I love The Grand Illusion, directed by the greatest French filmmaker of all time! I also love The Outlaw Josey Wales and Summer Wars, both films that I’d watched for the first time within the last year. But I don’t remember Thanksgiving being in any of those films…
    …maybe I can’t physically see holidays anymore…

  2. Nov 22 2011

    You failed to read my introductory paragraph. :-)

  3. Richard Winters
    Nov 22 2011

    My lady friends at work have requested that I review ‘Plains, Trains, and Automobiles’ for my next Rewind Column. Apparently one of them has actually watched this film with her family every Thanksgiving for the past 16 years. They consider it the ‘ultimate’ Thanksgiving movie and as tantamount to the Holiday as the turkey itself.

  4. Nov 22 2011

    …huh… I don’t remember there being a “family and friends sharing a meal” setting in Josey Wales, but like I said I’ve only watched it once and within the past year. All I remember of it is that there’s a funny “Indian” sidekick character and that it’s a long film.

    When I can come up with some films that contain that story aspect I’ll post here again. :O)

  5. Richard Winters
    Nov 22 2011

    All I remember about ‘Outlaw Josey Wales’ is that it is a long film as well and that Sondra Locke was actually kind’ve attractive and sexy in an odd sort of way. Again, I haven’t seen this film since 1988, so another viewing should probably be in store.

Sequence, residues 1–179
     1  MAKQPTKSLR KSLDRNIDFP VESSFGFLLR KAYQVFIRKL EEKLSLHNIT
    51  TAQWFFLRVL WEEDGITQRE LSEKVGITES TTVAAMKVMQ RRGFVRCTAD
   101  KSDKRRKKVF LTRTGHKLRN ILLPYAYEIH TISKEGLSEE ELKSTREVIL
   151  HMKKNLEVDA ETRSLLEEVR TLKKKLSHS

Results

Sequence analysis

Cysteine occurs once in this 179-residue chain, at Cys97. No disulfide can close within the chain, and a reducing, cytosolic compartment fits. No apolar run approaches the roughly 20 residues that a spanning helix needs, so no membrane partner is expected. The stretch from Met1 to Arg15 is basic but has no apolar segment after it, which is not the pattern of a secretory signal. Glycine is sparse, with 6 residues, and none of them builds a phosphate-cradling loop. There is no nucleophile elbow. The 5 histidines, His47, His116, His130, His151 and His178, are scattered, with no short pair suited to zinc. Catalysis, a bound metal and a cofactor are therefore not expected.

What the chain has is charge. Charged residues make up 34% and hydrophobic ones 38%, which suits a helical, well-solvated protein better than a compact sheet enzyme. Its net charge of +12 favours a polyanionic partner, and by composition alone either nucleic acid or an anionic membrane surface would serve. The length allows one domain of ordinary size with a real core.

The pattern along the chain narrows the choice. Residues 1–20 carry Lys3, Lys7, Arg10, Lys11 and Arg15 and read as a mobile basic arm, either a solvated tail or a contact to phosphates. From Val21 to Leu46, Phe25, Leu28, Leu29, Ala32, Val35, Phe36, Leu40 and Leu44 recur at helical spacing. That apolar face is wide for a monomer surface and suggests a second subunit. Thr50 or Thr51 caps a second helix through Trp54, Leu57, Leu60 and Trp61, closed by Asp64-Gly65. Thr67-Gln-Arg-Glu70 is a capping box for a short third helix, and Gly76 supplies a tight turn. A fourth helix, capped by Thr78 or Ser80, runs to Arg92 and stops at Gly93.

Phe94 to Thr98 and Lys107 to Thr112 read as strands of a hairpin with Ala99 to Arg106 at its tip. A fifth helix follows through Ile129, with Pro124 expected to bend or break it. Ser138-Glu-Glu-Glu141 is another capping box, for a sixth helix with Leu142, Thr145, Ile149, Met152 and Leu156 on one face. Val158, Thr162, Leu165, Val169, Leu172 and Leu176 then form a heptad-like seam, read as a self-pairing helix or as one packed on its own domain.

6. Nov 22 2011

    It’s been a while since I watched it as well (altho not as far back as 1988), but I recall a celebration when Josey and his motley gang make it to Mexico. Hopefully my memory isn’t playing tricks on me.

  7. Richard Winters
    Nov 22 2011

    Yes, I think you are right about that Helen. I know Outlaw has a real mixed bag of reviews. Some don’t care for it and consider it one of Eastwood’s weaker efforts, but those that like it seem to REALLY like it, which makes me think it deserves another viewing.
    Also, in regards to Sondra Locke, I know that her long relationship with Eastwood didn’t end on such a good note and she ended up writing a book about it and she called it ‘The Good, the Bad, and the Really Ugly’.

  8. Nov 22 2011

    I find it to be a terrific film. I own it, which is how I watched it originally, and will watch it again sometime in the near future. I’d say that it’s one of Eastwood’s better Westerns.
    It’s no Unforgiven, not by a long shot. Unforgiven reaches many “best movies ever” list and respectfully.

  9. Richard Winters
    Nov 22 2011

    ‘Unforgiven’ is without a doubt one of the finest westerns ever!

  10. Nov 23 2011

    They make it to Texas, please, not Mexico. This is a film that has really grown on me over the years. As I think of it now it seems really appropriate for a Thanksgiving themed post. There is the meal/celebration when our little family of survivors finds the ranch. And it revisits the original Pilgrims’ challenge of living peacefully with the Native Americans they are displacing. Wales and the Chief reach an accord to share the land’s resources – meaning food – and to give each other life. That’s a great message for the holiday.

  11. Nov 23 2011

    Good to know my memory did not fail me- at least on the essential point. And, that my pick was even more fitting than I realized!